GCC’s deporting expatriate 1000s of workers

Philipino Youth

Philipino Youth

According to the local media, violations of labour and residency laws are cited by the local authorities as serious reasons for deportation.  But it is widely believed that the real reason is the latent ‘nationalisation campaigns’ that are having that effect.

Kuwait has deported 20,000 expatriates in the first nine months of the year for their non-compliance with its residence and labour laws.  Saudi Arabia has started a similar procedure with certain regions having as high proportion as 42% of the deported foreign workers violating the residency and labour rules during the same period of time.

Recent statistics showed that the Saudi Ministry of Interior deported as much as 475,943 people who were in violation of the residency and labour.

A great number of other expatriates will be deported as soon as the paper work regarding their situation and their sponsors is completed; reliable sources informed, adding : “they are in police custody now and their sponsors have been called to pay for their return tickets and settle all pending issues with their employers.  They are expected to be deported within days,” the sources added.

Meanwhile in Kuwait, where around two thirds of the total population estimated at 3.3 million people, are expatriate workers from Asian countries.  They work as domestic helpers and in the construction sector and form within the country distinctive communities.  Under the sponsorship system, expatriates cannot normally take up a job unless they are sponsored by a national individual or a company that itself is sponsored also by a national.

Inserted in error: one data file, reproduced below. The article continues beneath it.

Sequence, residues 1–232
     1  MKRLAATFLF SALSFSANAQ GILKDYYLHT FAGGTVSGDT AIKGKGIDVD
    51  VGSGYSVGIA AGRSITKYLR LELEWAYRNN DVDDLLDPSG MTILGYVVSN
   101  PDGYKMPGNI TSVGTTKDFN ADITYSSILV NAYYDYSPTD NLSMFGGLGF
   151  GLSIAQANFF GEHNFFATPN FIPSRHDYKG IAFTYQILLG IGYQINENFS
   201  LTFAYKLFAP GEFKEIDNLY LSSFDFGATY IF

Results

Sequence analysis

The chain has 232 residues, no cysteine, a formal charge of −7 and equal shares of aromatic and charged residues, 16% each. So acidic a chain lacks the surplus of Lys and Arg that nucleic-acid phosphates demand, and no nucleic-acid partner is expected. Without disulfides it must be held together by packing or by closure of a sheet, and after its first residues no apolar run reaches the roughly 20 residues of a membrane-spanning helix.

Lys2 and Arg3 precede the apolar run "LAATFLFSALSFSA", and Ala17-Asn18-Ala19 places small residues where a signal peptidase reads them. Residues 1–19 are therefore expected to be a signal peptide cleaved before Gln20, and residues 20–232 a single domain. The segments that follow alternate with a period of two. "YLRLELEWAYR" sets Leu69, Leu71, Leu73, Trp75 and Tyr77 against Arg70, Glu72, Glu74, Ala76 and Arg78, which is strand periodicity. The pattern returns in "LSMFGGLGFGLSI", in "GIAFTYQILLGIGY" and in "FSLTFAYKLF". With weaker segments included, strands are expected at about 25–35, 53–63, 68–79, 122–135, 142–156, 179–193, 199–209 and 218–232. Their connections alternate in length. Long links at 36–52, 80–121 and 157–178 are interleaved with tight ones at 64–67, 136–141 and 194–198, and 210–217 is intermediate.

Recently, Saudi Arabia’s Labour Ministry referring to its Saudisation programme has added 19 job titles in the reserved for nationals category of work, resulting in a ban of permanent, temporary or seasonal visas to expatriates.  These measures are following the government’s drive to boost its nationalisation campaign in employment, a ministry statement said.  As per that statement, it has long pursued this Saudisation, under which firms are compelled to replace all foreigners with Saudi nationals.

The two other GCC members—Bahrain and Qatar have similar objectives especially given the increasing social and economic pressures across the Gulf on the available liquidities resulting in a further cut of foreign presence in the fields and floors.  Authorities in Abu Dhabi, the capital of the United Arab Emirates, have in recent years sought to allocate public sector jobs to Emirati nationals.  This drive towards “Emiratisation”—a policy initially launched three decades ago has all but reduced the vast numbers of the expatriate manpower.  For instance, jobs that can only be held by Saudis include administrator of human resources, personnel departments at government and private sector companies and the like together with mid to low grade employment specifically listed in the directive.

Oman on the other hand plans to deport over 1,000 foreigners that were found working illegally on a multi-billion dollar project.

There are over 1.5 million foreign workers in Oman, many of them from south and southeast Asia; they far outnumber the Omani citizens working in the private sector and the government wants to limit the number of foreigners, in order to make more jobs available for Omanis and reduce the amount of wages remitted abroad.

Signs of tensions between the countries labour policies and the big on-going infrastructure and building plans are surfacing here and there.